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CMV-Specific T-cell Responses at Older Ages: Broad Responses With a Large Central Memory Component May Be Key to Long-term Survival.


Maximus Peto’s Commentary

These researchers report on their characterization of responses of T-cell from older people. T-cell response was induced in vitro. They note that the oldest old group apparently recognized more proteins, and had “bigger” T-cell responses than some other groups.


CMV-Specific T-cell Responses at Older Ages: Broad Responses With a Large Central Memory Component May Be Key to Long-term Survival.
J Infect Dis. 2017 Apr 15;215(8):1212-1220.
Bajwa M, Vita S, Vescovini R, Larsen M, Sansoni P, Terrazzini N, Caserta S, Thomas D, Davies KA, Smith H, Kern F
DOI: 10.1093/infdis/jix080
PubMed publication date (edat): 2/16/2017

Abstract

Cytomegalovirus (CMV) infection sometimes causes large expansions of CMV-specific T cells, particularly in older people. This is believed to undermine immunity to other pathogens and to accelerate immunosenescence. While multiple different CMV proteins are recognized, most publications on age-related T-cell expansions have focused on dominant target proteins UL83 or UL123, and the T-cell activation marker interferon-γ (IFN-γ). We were concerned that this narrow approach might have skewed our understanding of CMV-specific immunity at older ages. We have, therefore, widened the scope of analysis to include in vitro-induced T-cell responses to 19 frequently recognized CMV proteins in “young” and “older” healthy volunteers and a group of “oldest old” long-term survivors (>85 years of age). Polychromatic flow cytometry was used to analyze T-cell activation markers (CD107, CD154, interleukin-2 [IL-2], tumor necrosis factor [TNF], and IFN-γ) and memory phenotypes (CD27, CD45RA). The older group had, on average, larger T-cell responses than the young, but, interestingly, response size differences were relatively smaller when all activation markers were considered rather than IFN-γ or TNF alone. The oldest old group recognized more proteins on average than the other groups, and had even bigger T-cell responses than the older group with a significantly larger central memory CD4 T-cell component.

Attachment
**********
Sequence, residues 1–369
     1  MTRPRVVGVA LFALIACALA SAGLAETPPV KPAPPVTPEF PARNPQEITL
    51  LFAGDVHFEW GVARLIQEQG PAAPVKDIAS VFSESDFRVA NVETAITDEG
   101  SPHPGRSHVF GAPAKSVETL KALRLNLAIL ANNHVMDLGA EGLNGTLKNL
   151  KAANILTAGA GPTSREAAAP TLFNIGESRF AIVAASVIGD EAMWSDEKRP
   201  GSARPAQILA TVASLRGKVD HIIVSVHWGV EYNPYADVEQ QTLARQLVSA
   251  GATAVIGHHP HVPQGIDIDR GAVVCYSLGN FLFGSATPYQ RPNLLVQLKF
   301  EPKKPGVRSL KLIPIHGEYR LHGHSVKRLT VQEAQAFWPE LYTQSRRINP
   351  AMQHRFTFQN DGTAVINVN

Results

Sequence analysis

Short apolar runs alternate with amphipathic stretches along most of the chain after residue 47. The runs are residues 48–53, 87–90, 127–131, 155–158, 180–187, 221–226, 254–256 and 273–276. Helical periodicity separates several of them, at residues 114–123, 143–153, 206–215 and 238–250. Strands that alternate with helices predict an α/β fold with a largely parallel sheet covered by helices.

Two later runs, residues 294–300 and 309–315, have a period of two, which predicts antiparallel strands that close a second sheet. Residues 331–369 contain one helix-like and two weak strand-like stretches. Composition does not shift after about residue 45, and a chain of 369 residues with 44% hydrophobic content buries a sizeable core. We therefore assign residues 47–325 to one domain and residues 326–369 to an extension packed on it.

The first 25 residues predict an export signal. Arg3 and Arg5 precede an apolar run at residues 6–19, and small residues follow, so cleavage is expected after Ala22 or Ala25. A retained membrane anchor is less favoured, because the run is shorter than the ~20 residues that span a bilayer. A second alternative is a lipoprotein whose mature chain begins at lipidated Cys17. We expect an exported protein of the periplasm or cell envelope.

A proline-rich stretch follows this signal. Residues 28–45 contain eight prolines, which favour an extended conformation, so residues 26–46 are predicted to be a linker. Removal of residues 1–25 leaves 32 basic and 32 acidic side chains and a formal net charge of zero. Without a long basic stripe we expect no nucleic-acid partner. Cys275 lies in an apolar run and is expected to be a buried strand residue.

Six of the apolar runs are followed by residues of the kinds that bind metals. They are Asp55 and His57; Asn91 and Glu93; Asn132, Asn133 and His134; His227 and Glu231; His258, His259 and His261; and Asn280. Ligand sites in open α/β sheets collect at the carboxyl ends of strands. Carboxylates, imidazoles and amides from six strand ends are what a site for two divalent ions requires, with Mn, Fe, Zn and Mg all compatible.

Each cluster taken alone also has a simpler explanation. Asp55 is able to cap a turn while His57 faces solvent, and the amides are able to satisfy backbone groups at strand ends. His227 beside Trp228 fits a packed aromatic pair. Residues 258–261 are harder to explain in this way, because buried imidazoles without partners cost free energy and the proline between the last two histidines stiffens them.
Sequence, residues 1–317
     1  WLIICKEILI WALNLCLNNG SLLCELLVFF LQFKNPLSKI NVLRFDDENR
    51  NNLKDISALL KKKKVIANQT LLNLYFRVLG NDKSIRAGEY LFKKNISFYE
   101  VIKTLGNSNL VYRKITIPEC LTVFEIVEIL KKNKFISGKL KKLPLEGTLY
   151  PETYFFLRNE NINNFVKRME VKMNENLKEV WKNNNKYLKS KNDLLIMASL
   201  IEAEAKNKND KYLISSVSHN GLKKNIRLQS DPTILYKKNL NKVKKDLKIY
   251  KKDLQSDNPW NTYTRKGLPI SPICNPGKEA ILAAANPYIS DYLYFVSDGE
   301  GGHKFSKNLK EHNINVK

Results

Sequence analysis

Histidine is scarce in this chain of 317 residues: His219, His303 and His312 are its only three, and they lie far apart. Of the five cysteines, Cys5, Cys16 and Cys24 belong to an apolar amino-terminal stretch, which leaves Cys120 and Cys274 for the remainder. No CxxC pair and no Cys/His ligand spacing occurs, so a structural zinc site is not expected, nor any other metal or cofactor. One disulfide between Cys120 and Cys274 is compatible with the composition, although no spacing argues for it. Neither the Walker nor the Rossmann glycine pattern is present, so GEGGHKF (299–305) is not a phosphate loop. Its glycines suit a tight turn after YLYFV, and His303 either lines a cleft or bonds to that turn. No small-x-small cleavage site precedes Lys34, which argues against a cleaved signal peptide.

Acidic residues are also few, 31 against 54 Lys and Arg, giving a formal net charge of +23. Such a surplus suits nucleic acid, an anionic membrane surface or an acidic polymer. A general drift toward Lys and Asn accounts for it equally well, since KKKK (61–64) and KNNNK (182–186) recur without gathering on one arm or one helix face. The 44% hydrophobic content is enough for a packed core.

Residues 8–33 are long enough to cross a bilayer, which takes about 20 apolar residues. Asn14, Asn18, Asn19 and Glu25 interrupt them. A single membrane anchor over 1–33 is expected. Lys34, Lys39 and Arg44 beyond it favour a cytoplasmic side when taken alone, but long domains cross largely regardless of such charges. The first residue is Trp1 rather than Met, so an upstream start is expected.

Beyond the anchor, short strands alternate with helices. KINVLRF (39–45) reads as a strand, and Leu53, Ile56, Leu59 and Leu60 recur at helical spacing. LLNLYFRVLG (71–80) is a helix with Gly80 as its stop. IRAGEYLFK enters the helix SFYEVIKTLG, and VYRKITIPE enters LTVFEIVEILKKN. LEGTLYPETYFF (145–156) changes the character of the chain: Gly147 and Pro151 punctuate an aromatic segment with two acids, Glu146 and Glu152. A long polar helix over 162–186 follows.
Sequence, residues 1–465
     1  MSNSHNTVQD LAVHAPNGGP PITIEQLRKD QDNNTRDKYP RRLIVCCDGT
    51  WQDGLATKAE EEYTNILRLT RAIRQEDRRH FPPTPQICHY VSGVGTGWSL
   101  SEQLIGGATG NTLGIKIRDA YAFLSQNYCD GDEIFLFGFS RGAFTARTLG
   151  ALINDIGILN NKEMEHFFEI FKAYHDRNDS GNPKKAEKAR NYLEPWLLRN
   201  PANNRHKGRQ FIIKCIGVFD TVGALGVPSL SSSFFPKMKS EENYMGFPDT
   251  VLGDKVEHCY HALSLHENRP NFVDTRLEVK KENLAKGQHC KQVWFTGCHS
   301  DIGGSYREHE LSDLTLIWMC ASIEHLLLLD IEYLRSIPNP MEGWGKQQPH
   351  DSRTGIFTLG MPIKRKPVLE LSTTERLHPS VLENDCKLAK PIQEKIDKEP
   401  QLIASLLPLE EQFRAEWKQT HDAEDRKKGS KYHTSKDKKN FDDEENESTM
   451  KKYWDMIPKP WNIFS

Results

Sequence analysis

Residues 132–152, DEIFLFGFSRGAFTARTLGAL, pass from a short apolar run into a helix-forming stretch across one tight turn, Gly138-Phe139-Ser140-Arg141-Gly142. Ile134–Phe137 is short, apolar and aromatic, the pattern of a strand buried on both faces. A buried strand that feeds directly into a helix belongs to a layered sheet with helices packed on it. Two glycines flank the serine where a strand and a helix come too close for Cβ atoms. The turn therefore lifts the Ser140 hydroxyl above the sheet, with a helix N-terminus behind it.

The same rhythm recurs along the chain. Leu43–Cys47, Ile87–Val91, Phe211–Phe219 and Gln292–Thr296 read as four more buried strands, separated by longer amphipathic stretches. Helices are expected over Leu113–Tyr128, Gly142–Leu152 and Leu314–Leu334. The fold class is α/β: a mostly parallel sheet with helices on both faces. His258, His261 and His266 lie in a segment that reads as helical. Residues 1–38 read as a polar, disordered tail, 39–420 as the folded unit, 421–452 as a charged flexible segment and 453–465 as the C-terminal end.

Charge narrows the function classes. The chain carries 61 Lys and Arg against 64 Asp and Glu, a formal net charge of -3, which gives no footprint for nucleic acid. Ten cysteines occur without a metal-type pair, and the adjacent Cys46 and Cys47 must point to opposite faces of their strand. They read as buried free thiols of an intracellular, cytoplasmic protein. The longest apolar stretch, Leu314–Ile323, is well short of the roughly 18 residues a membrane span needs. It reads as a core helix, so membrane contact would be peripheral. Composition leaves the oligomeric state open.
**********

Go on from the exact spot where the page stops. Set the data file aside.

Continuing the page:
PMID: 28199648
Free Full-Text: https://www.ncbi.nlm.nih.gov/pmc/articles/PMC5854018/

Maximus Peto

Max Peto is a longevity researcher and founder of Long Life Labs. A biochemist by training, he studies the biochemistry of aging and longevity and has worked with research organizations such as SENS Research Foundation, Methuselah Foundation, BioAge Labs, Life Extension Foundation, and Ichor Therapeutics. His work at Long Life Labs is focused on empowering people to understand and manage the most critical factors for better health and longer life.

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